If you bite food without intent to chew and eat it, do you need to make a bracha?

  • 1
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    – Isaac Moses
    Commented Aug 14, 2013 at 15:58
  • What scenario are you talking about here? Are you asking about chewing gum, for example?
    – Daniel
    Commented Aug 14, 2013 at 16:45
  • @Daniel he said "without intent to chew".
    – msh210
    Commented Aug 14, 2013 at 17:15
  • @msh210 He said "without intent to chew and eat". Didn't say anything about "intent to chew without eating."
    – Daniel
    Commented Aug 14, 2013 at 17:24
  • @Daniel right you are.
    – msh210
    Commented Aug 14, 2013 at 17:27

1 Answer 1


The Gemara in Berachos 14a says:

תניא נמי הכי מטעמת אינה טעונה ברכה והשרוי בתענית טועם ואין בכך כלום עד כמה ר' אמי ור' אסי טעמי עד שיעור רביעתא

Thus it was taught: One who tastes does not need a blessing, and someone engaged in a fast may taste without issue. How much? R' Ami and R' Assi tasted up to a Revi'is.

There is a dispute among the Rishonim of how to understand this. Tosefos cites Rabbeinu Chananel that this is assuming the person spits it out, in which case the tasting is not considered a pleasure which needs a blessing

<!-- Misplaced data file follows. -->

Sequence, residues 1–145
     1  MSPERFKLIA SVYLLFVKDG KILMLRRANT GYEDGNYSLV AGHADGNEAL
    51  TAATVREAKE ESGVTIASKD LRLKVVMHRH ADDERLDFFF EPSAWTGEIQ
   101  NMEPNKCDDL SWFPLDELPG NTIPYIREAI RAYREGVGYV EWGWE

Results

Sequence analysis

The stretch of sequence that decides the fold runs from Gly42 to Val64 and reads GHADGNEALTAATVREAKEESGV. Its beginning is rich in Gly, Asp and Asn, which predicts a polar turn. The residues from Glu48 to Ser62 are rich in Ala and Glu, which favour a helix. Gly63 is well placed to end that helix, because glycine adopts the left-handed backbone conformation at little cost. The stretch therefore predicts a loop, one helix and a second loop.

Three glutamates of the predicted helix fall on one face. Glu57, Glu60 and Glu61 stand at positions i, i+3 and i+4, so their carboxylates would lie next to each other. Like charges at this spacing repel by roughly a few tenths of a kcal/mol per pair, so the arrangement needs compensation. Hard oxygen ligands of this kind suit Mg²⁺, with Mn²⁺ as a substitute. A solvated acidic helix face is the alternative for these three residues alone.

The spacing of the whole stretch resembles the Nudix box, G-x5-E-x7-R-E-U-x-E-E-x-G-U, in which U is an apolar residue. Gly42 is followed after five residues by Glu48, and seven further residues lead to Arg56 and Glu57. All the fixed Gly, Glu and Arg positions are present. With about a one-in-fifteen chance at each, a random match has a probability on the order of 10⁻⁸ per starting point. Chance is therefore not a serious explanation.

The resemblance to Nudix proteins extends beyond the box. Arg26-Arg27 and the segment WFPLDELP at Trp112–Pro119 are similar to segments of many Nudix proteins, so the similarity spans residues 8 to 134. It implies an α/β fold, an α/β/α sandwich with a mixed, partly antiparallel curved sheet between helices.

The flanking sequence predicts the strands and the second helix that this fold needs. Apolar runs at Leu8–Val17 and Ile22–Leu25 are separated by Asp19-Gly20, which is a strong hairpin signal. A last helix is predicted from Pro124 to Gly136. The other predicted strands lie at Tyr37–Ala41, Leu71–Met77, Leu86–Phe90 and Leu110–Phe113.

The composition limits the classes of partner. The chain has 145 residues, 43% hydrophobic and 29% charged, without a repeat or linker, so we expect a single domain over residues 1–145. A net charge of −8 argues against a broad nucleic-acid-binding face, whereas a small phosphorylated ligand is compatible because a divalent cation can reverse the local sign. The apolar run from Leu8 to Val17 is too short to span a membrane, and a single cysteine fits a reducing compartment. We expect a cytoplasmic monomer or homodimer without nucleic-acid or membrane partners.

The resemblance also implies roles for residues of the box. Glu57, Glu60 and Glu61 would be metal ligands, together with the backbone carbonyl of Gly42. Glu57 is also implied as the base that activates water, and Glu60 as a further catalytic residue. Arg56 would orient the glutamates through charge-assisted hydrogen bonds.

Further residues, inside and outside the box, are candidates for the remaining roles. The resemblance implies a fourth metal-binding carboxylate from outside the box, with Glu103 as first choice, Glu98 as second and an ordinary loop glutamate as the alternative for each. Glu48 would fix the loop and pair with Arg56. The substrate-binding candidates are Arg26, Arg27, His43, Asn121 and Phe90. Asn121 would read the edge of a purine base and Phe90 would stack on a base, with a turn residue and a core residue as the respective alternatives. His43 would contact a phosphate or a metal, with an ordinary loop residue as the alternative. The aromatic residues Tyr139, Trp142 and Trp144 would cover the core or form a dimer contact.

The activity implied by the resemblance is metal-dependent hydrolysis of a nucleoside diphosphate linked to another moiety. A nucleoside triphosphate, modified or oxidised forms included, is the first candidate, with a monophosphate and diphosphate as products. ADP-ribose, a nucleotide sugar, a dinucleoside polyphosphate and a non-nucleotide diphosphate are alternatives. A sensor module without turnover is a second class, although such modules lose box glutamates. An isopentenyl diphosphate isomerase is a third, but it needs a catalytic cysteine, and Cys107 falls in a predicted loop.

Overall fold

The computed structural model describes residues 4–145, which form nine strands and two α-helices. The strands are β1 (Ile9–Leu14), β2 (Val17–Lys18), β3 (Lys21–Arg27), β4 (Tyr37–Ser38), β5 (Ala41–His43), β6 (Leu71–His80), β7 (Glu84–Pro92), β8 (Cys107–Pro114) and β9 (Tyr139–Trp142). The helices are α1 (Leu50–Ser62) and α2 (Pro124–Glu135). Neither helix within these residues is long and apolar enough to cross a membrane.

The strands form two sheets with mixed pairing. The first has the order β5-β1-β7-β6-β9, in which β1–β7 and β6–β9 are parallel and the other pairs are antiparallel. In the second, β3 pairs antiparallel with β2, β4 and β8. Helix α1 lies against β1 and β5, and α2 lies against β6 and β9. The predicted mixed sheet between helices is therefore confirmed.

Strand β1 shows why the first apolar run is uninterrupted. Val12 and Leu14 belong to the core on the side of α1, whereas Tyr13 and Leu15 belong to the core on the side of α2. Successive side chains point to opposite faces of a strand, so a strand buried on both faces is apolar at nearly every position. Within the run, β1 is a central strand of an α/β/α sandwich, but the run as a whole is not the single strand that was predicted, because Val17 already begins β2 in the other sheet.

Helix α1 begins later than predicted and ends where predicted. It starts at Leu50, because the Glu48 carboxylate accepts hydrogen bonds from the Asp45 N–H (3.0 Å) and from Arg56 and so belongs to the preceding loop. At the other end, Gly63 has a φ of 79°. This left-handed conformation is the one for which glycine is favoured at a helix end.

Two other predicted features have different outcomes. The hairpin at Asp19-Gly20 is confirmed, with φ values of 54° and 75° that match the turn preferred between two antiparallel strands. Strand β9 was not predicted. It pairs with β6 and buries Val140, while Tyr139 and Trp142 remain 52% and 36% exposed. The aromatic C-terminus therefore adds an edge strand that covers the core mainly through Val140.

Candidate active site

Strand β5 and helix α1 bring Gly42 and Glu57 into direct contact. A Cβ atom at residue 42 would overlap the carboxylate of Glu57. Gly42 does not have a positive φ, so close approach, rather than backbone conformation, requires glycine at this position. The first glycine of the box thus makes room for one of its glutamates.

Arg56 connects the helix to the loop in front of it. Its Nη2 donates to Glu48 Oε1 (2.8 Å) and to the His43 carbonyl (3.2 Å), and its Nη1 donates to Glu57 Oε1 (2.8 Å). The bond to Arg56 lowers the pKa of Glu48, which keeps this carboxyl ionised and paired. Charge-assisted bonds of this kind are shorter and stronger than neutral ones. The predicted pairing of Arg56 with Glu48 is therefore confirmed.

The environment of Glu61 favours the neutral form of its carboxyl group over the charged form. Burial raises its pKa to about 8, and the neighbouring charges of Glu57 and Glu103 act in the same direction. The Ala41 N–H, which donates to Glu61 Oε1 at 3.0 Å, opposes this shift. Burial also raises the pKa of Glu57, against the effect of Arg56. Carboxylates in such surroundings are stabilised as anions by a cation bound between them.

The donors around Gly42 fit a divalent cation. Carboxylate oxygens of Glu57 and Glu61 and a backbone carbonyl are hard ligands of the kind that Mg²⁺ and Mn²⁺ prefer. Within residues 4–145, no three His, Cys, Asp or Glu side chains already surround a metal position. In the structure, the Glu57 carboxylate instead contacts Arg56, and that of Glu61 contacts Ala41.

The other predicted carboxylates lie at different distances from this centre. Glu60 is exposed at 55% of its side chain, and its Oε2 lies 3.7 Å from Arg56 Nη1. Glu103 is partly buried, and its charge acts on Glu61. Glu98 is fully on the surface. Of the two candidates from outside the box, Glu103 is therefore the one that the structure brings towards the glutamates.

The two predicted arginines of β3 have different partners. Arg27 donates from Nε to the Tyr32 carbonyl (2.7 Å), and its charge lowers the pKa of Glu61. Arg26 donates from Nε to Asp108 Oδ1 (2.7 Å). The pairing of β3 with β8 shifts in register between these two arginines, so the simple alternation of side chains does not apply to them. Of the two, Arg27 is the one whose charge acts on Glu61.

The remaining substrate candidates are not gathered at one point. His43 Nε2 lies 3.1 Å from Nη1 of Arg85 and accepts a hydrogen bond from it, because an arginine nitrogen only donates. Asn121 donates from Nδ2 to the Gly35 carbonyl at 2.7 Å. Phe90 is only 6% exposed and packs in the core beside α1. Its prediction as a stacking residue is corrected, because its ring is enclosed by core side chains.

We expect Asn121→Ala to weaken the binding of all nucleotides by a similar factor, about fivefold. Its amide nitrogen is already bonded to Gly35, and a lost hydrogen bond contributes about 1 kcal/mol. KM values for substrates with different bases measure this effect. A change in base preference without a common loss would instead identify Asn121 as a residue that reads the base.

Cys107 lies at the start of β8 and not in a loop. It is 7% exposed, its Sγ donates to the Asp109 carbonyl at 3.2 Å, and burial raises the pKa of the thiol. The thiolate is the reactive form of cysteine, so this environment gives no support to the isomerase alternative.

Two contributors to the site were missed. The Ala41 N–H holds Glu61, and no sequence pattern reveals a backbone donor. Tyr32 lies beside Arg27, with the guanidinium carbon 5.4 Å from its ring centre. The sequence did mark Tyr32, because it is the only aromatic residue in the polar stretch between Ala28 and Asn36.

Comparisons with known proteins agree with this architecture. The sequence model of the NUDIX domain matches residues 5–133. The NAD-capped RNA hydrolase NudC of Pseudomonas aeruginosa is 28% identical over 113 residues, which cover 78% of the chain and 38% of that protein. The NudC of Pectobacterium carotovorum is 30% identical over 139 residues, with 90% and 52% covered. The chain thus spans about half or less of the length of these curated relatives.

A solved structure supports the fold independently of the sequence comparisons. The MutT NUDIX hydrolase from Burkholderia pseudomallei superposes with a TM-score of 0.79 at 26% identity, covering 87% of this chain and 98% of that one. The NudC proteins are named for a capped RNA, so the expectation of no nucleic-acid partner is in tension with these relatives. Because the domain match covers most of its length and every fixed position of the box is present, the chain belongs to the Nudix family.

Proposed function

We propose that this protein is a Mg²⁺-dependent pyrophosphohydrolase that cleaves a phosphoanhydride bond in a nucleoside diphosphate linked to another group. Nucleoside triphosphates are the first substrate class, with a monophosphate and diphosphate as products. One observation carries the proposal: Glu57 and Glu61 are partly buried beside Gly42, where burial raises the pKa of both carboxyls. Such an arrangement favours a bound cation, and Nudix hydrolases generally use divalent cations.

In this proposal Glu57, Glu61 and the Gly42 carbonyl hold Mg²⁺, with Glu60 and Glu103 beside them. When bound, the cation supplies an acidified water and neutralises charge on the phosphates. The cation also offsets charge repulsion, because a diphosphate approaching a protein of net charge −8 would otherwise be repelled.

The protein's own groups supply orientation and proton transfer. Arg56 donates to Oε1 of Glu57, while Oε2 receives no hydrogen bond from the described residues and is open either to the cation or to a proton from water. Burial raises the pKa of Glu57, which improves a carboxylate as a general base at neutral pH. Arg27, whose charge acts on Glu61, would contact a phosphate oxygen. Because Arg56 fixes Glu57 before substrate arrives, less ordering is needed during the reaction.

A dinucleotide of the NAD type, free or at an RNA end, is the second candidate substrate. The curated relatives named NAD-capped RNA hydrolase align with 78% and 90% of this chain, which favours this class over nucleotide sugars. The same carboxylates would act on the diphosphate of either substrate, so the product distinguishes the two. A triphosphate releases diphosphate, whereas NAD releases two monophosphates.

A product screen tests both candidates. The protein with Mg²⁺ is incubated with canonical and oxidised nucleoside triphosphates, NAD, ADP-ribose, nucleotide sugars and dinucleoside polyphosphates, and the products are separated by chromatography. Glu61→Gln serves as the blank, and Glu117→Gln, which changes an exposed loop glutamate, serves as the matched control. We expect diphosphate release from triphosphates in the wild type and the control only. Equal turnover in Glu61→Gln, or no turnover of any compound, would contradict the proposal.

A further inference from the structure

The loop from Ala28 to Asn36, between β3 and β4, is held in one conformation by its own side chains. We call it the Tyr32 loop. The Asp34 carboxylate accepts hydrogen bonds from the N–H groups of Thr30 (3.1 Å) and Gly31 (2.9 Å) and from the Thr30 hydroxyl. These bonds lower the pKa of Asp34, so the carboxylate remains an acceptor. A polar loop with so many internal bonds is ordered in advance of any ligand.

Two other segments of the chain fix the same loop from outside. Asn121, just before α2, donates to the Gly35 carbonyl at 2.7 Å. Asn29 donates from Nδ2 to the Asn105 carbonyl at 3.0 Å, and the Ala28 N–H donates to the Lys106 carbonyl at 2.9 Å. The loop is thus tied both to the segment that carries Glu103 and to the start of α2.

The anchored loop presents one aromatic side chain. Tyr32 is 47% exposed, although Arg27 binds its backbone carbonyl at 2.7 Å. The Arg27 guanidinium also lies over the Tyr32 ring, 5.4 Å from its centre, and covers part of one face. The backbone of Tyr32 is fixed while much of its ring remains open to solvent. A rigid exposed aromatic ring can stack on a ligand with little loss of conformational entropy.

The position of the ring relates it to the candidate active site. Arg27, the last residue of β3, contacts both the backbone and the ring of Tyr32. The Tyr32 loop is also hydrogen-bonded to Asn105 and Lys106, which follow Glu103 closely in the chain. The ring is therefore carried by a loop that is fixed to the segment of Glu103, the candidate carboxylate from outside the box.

טועם ואין בכך כלום. פירש ר"ח שחוזר ופולט דלא חשיב הנאה מן הטעימה אבל בולע לא אפילו בשאר תעניות ומשום הכי הפולט אינו צריך ברכה שאינו נהנה

The Tur (O.C. 210:2) and Beis Yosef (ibid) understand the Rambam (Hilchos Berachos 1:2) to mean that one could even swallow the food without needing to make a blessing, up to a revi'is-worth.

ומיהו מטעמת שטועמת התבשיל א"צ לברך עליו עד רביעית לכאורה משמע אפילו אם הוא טועם ובולע וכ"כ הרמב"ם ז"ל

The Shulchan Aruch (ibid) codifies the opinion of the Rambam, and cites the opinion of Rabbeinu Chananel as "some say."

הטועם את התבשיל אינו צריך לברך עד רביעית ואפילו אם הוא בולעו ויש אומרים שאם הוא בולעו טעון ברכה ולא פטרו את הטועם אלא כשחוזר ופולט ואז אפילו על הרבה אינו צריך ברכה

The Rema (ibid) says that we follow the lenient opinion in blessings, and therefore we should follow the opinion not to make a blessing even when swallowing.

The Magen Avraham (O.C. 210:10) argues and says one should make a blessing even on swallowing a small amount (he contends that the Rambam never meant to allow swallowing without a blessing, and there is no such opinion).

Within the opinion that the only allowance is in the case of spitting out the food, the Mishna Berura (210:18) applies this to even a case of chewing the food up and then spitting it out.

From all of the above, it should be evident that according to all opinions one would not make a blessing when you do not intend to eat the food that you put in your mouth. Even if you put a revi'is-worth into your mouth, only the opinion which allows swallowing a small amount holds that there is a cut-off point of revi'is.

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